Law Soc JR: Some details

I have some details of the Law Society v Legal Services Commission judicial review judgment. Can’t reveal my source but they were close to the action. [edited 01/10/2010 – some corrections]

The JR was won on the issue of the significance given to panel memberships and the notification of that significance only. The wider argument on the equality duty and a failure to undertake a sufficient impact assessment wasn’t decided upon.

The LSC had raised delay as an issue, arguing that the publication of the criteria was the relevant point. The Court found that the proper date was the release of the results, but if that were wrong, they would have granted the Law Society an extension of time on grounds of wider public interest. The basis for the finding on the relevant date was that neither the LSC nor the Law Society were in possession of the relevant facts – the impact of the selection criteria – until the results were known. It is less clear if individual firms could rely on this principle, or whether they may be stuck with publication of the criteria as relevant date, given that their challenge would not be on a broad public interest basis like the Law Soc.
(Contrast with Collins J’s approach to the delay argument in the preliminary hearing of the CLP JR on firms being entitled to expect that contract awards would be handled with consideration of quality and some exercise of discretion. Perhaps not an argument one would want to test to full hearing…)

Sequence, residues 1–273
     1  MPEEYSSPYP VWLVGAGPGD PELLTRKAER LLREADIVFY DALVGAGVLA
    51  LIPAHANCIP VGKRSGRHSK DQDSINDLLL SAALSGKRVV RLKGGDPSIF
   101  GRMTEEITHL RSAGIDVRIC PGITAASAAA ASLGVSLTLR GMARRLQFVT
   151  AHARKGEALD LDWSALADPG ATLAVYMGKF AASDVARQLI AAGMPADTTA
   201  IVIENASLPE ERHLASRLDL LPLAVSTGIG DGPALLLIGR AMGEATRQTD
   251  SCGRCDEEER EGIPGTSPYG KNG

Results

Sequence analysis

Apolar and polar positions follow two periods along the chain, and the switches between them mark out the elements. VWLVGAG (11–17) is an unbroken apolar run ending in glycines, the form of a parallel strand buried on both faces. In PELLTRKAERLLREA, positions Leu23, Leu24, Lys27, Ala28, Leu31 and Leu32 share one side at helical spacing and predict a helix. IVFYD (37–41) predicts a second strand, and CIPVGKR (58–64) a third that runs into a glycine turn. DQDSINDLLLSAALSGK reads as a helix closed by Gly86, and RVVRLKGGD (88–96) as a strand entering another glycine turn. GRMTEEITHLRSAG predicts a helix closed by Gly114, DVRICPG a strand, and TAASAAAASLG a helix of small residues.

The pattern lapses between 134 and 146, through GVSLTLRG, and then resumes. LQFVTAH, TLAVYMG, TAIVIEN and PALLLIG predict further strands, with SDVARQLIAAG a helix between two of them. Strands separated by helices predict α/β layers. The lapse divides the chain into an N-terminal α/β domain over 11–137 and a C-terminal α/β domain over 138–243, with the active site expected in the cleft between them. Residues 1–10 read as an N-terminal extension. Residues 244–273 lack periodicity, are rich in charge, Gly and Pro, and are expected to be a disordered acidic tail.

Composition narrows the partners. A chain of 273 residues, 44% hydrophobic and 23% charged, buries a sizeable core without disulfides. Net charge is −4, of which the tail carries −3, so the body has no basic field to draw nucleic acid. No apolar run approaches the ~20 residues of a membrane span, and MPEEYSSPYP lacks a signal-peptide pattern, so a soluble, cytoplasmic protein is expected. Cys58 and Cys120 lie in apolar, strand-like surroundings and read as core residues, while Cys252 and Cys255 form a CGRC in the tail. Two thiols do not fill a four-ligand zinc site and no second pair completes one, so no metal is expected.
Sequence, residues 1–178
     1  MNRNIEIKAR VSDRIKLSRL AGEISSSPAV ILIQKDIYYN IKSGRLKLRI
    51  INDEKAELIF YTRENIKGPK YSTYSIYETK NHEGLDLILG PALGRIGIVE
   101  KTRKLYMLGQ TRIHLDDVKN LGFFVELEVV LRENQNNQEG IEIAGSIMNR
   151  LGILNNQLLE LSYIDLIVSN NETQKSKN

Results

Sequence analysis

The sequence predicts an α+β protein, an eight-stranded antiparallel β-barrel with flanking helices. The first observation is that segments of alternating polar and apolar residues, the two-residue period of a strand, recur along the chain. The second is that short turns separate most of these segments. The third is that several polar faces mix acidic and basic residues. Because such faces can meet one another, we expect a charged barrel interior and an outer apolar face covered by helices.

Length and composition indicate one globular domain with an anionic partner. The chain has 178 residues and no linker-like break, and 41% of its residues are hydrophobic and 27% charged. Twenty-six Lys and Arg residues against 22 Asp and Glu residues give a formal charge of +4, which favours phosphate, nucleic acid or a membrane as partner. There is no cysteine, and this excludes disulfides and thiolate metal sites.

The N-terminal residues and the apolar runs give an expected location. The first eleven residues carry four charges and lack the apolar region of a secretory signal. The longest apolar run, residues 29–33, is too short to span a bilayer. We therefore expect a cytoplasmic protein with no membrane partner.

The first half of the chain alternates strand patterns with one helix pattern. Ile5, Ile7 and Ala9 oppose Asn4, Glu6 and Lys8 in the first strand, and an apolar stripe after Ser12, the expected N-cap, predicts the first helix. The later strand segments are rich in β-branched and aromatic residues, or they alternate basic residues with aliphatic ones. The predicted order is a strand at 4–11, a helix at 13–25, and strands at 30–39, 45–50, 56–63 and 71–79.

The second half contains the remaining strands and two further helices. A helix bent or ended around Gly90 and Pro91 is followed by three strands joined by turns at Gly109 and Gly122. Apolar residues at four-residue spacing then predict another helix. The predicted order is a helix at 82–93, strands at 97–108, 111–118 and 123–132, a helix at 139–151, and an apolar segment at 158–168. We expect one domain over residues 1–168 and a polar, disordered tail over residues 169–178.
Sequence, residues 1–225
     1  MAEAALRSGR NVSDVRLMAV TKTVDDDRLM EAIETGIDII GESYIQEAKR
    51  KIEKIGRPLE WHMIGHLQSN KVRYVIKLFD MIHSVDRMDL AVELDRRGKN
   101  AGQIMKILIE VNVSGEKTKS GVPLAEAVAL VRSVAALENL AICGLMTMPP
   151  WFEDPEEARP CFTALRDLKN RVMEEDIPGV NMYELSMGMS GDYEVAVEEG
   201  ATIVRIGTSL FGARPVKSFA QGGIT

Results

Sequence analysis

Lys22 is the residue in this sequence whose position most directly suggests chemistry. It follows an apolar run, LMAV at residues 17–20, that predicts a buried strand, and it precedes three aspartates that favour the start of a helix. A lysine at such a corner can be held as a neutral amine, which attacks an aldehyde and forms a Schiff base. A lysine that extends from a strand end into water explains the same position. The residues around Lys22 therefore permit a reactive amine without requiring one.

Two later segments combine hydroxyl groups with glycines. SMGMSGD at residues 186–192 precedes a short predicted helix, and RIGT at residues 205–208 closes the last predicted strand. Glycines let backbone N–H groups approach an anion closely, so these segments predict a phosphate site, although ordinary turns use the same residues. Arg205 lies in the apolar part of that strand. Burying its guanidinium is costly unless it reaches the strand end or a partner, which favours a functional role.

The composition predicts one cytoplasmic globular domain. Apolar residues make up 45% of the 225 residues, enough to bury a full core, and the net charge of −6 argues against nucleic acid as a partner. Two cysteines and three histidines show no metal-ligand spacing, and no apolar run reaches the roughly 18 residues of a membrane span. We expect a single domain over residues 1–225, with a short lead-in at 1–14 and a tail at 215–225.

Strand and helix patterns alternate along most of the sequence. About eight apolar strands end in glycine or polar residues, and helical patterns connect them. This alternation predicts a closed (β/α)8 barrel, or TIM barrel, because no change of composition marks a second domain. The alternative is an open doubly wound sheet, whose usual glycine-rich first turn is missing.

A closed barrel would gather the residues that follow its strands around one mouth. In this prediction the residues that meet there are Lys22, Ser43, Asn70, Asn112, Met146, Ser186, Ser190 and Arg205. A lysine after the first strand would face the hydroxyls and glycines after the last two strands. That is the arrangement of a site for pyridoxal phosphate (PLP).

Law Soc got costs and Claimant. Interveners bore their own.

The decision was that the family law tender – including the family/housing combo – was unlawful. Details of remedy not clear, but the broad agreement was that current family contracts will continue until X. Where X is truly unknown.

LSC given permission to appeal.

This freeze apparently includes current housing contracts for those who bid for family/housing combos. BUT the new SWL contracts will go ahead (after the months delay).

So, as far as I can tell, this means that some people will be doing housing under the new SWL contracts, with matter starts based on the LSC’s revised procurement area figures, while others will be doing housing under the old contract – as extended – with, I take it, the same matter start allocation as before. I get the strong suspicion the figures won’t add up.

Those firms who lost out in SWL are still out, but I wonder what happens to anyone who was doing family and housing but made an unsuccessful SWL bid ?

And the poor firms in family who were taking on new staff and premises as a requirement for their expanded matter starts. That has yet to play itself out. Quite possibly in the courts.

It will all end in tears. Again.

Update:
Law Gazette report

Solicitors Journal report

About Giles Peaker

Giles Peaker is a solicitor and partner in the Housing and Public Law team at Anthony Gold Solicitors in South London. You can find him on Linkedin and on Twitter. Known as NL round these parts, and still is Nearly Legal on Google +.
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